By Target Liberty
Dr. Anthonu Fauci, the director of the National Institute of Allergy and Infectious Disease, testified before Congress on Wednesday and said that the Wuhan coronavirus (COVID-19) is “10 times more lethal than seasonal flu.”
He doesn’t know this, it is a flat out lie that only fuels the current hysteria about COVID-19.
Any honest scientist studying the disease will tell you that it is unknown as to what the death rate from the virus is because we don’t have enough data on cases that are mild, where people might have thought they had a cold or just the common flu and didn’t report to a healthcare facility.
Dr. Jeremy Samuel Faust, an emergency physician at Brigham and Women’s Hospital and an instructor at Harvard Medical School, has written:
The public is behaving as if this epidemic is the next Spanish flu, which is frankly understandable given that initial reports have staked COVID-19 mortality at about 2–3 percent, quite similar to the 1918 pandemic that killed tens of millions of people.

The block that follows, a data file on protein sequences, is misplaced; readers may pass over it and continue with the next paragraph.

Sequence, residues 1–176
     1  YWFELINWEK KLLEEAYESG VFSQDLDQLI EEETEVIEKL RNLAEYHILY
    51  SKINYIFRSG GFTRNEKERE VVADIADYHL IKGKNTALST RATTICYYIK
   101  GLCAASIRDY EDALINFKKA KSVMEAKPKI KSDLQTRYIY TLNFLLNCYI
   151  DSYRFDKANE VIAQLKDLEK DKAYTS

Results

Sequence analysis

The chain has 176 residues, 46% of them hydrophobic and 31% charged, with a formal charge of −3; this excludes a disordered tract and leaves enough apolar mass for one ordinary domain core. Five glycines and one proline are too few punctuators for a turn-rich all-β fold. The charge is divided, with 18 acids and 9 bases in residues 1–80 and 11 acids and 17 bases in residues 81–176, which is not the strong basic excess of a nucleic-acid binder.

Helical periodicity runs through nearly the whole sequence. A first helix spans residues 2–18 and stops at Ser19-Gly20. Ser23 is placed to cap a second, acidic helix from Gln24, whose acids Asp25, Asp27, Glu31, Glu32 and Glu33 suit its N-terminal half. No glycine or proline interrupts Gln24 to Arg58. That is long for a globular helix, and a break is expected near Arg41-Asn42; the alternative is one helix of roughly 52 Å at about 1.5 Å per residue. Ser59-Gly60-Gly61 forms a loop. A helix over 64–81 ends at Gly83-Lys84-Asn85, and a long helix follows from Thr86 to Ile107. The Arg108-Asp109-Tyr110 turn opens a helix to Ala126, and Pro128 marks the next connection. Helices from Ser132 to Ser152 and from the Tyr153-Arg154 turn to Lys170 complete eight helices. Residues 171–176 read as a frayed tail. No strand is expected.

Allow me to be the bearer of good news. These frightening numbers are unlikely to hold. The true case fatality rate, known as CFR, of this virus is likely to be far lower than current reports suggest. Even some lower estimates, such as the 1 percent death rate recently mentioned by the directors of the National Institutes of Health and the Centers for Disease Control and Prevention, likely substantially overstate the case.
We shouldn’t be surprised that the numbers are inflated. In past epidemics, initial CFRs were floridly exaggerated. For example, in the 2009 H1N1 pandemic some early estimates were 10 times greater than the eventual CFR, of 1.28 percent. Epidemiologists think and quibble in terms of numerators and denominators—which patients were included when fractional estimates were calculated, which weren’t, were those decisions valid—and the results change a lot as a result. We are already seeing this. In the early days of the crisis in Wuhan, China, the CFR was more than 4 percent. As the virus spread to other parts of Hubei, the number fell to 2 percent. As it spread through China, the reported CFR dropped further, to 0.2 to 0.4 percent. As testing begins to include more asymptomatic and mild cases, more realistic numbers are starting to surface.
Indeed, in areas where testing appears to be more aggressive, the CFR number is much lower. In Germany, the number is almost in line with the flu at 0.15 percent.
Below is a much more sound way of presenting the current situation, via Dr. William Schaffner, Professor of Preventive Medicine in the Department of Health Policy as well as Professor of Medicine in the Division of Infectious Diseases at the Vanderbilt University School of Medicine.